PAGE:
It is another object of the invention to provide an L-isoleucine producing nonhuman organism comprising one or more copies of a transgene comprising at least one nucleotide sequence encoding catabolic threonine dehydratase, wherein said nonhuman organism synthesizes L-isoleucine, said synthesis being greater than that of a corresponding nonhuman organism which does not comprise one or more copies of a transgene comprising at least one nucleotide sequence encoding catabolic threonine dehydratase. In one embodiment, the nonhuman organism has been genetically manipulated to overproduce one or more of L-lysine, L-methionine, L-leucine, L-valine, L-threonine, L-aspartic acid, and homoserine prior to the introduction of said nucleotide sequence encoding catabolic threonine dehydratase into said nonhuman organism. In a preferred embodiment, the nonhuman organism comprises homdr and thrB and overproduces threonine.

It is a further object of the invention to provide Corynebacterium glutamicum ATCC 21799 transformed with pAPE7, ATCC deposit no. PTA-981. It is another object of the invention to provide Corynebacterium glutamicum ATCC 21799 transformed with pAPE18, ATCC deposit no. PTA-978.

It is a further object of the invention to provide an alpha-ketobutyrate producing nonhuman organism, comprising one or more copies of a transgene comprising at least one nucleotide sequence encoding catabolic threonine dehydratase, and, additionally one or more transgenes comprising at least one nucleotide sequence encoding one or more enzymes involved in L-threonine biosynthesis, wherein said transformed nonhuman organism synthesizes alpha-ketobutyrate, said synthesis being greater than that of a corresponding non-transformed nonhuman organism. In one embodiment of the invention, the nonhuman organism further synthesizes one or more polymers selected from the group consisting of polyhydroxyalkanoates (PHAs), polyhydroxybutyrate (PHB), and poly-hydroxybutyrate-co-valerate (PHBV), and wherein said polymers are accumulated intracellularly or secreted.

It is another object of the invention to provide a plant, or plant part thereof, comprising one or more copies of a transgene comprising at least one nucleotide sequence encoding catabolic threonine dehydratase.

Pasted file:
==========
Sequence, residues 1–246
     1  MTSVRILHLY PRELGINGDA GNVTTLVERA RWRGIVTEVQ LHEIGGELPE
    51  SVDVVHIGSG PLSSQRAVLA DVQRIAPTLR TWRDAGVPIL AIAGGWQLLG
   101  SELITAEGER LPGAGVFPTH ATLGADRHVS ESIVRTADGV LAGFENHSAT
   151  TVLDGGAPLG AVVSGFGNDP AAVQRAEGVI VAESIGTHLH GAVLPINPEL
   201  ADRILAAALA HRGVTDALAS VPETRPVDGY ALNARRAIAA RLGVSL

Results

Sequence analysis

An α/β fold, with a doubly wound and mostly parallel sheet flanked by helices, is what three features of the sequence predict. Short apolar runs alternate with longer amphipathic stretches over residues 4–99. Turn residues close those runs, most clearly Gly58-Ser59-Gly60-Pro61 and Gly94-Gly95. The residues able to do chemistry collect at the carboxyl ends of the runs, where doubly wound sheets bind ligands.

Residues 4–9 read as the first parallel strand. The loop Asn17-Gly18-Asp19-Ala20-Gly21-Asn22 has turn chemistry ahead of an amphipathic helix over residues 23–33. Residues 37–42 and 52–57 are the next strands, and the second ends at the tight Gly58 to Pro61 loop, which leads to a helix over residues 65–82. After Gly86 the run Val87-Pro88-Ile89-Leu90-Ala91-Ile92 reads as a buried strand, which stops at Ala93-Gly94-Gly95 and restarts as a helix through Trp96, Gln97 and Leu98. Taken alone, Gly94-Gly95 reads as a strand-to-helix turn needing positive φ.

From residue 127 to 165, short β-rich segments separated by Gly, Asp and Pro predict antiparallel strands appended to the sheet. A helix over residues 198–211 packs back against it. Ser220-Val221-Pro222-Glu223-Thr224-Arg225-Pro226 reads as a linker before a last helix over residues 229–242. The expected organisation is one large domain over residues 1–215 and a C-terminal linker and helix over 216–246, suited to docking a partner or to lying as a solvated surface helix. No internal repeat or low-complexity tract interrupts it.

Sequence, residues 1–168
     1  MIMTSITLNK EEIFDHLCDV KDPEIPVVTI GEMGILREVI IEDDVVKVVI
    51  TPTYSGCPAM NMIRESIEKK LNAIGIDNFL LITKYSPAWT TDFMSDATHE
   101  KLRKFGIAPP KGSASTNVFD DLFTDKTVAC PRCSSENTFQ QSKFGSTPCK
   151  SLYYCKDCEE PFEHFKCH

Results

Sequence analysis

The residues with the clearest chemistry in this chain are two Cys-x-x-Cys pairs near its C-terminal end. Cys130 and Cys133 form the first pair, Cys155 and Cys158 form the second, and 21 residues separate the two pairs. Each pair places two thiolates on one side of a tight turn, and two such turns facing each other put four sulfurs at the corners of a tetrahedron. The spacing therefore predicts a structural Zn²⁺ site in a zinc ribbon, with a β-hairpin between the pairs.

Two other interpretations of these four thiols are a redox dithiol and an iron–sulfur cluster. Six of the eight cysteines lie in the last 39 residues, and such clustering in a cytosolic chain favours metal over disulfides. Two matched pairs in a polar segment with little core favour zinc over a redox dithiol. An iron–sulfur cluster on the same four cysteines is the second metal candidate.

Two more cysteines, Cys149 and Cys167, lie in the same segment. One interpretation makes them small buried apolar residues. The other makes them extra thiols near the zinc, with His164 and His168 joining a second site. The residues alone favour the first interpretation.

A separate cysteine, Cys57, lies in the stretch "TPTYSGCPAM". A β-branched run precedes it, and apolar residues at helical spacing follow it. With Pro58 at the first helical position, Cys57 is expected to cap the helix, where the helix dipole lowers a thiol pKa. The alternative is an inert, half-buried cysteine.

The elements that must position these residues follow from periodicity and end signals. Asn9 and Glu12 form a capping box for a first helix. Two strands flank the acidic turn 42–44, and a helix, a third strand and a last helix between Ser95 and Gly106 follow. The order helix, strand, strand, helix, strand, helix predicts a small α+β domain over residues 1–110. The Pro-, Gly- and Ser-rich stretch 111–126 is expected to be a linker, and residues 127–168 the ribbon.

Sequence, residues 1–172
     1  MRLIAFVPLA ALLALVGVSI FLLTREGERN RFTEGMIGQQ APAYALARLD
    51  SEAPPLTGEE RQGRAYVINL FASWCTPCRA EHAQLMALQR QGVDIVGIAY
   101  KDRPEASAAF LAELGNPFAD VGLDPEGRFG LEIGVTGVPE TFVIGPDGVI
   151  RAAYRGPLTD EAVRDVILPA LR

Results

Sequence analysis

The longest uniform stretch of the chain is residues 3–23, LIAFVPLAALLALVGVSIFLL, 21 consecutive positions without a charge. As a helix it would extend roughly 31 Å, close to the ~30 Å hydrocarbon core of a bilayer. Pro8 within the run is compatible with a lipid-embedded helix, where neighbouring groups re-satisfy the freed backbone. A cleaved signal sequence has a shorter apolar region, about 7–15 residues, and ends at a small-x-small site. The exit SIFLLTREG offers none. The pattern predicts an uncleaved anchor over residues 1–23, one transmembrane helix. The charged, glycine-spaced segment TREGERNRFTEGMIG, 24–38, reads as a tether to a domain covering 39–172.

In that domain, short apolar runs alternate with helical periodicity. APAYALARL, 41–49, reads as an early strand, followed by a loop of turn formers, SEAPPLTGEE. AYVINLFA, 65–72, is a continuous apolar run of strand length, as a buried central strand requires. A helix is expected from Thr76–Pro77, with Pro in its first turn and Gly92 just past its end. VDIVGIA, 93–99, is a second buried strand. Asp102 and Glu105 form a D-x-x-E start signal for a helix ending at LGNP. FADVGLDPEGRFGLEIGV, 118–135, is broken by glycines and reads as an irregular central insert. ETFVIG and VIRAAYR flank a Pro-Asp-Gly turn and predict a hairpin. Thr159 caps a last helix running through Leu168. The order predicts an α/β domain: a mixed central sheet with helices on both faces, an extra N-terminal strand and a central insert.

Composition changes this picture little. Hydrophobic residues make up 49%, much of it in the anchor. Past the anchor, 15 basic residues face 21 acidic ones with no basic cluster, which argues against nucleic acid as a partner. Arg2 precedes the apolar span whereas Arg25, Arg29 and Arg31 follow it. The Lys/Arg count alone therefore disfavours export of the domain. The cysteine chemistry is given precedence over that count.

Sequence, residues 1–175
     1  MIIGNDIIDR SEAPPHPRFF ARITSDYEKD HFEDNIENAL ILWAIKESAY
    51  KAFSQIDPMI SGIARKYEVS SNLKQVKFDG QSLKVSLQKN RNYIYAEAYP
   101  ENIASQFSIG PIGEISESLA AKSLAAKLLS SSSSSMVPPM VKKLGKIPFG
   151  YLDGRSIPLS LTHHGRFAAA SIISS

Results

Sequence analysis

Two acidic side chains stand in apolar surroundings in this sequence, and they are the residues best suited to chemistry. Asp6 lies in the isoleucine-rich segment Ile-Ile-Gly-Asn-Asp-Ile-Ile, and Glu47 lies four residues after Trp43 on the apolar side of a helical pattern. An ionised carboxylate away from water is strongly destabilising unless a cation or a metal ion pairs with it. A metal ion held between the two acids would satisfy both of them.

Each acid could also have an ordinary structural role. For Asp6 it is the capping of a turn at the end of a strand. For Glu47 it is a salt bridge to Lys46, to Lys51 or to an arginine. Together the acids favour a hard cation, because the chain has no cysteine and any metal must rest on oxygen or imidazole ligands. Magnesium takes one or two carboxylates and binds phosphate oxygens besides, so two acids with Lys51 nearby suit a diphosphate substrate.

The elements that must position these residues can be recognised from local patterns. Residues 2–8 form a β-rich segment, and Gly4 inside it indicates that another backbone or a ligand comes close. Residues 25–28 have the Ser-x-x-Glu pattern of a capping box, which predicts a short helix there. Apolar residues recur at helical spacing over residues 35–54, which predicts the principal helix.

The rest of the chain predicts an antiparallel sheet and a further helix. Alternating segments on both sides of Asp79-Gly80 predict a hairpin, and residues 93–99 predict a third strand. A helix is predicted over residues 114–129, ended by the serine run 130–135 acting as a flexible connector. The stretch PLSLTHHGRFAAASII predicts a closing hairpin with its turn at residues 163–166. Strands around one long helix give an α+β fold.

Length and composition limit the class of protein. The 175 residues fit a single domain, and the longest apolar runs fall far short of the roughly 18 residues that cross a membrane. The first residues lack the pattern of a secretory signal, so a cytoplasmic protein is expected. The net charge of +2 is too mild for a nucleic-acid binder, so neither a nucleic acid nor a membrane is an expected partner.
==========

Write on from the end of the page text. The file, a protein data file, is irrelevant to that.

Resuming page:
It is another object of the invention to provide a plant, or plant part thereof, wherein said plant or said part thereof, comprises one or more copies of a transgene comprising at least one nucleotide sequence encoding catabolic threonine dehydratase, wherein said plant or plant part thereof, retains more threonine dehydratase enzyme activity after contacting herbicide than a corresponding plant, or plant part thereof, contacted with said herbicide, which does not comprise one or more copies of a transgene comprising at least one nucleotide sequence encoding catabolic threonine dehydratase. In one embodiment, the plant, or part thereof, is selected from leaves, roots, stems, flowers and flower parts, seeds, pollen, cells and calli. In one embodiment, the plant, or part thereof, retains resistance to a herbicide wherein said herbicide comprises an L-isoleucine analog. In a preferred embodiment, the plant, or part thereof, produces alpha-ketobutyrate and/or isoleucine before contact with, in the presence of, and after said contact with said herbicide.

It is another object of the invention to provide a method of producing a plant, or part thereof, wherein said plant, or plant part thereof, is contacted with one or more copies of a transgene comprising at least one nucleotide sequence encoding catabolic threonine dehydratase, and wherein said plant, or part thereof, after said contacting, comprises detectable transgene.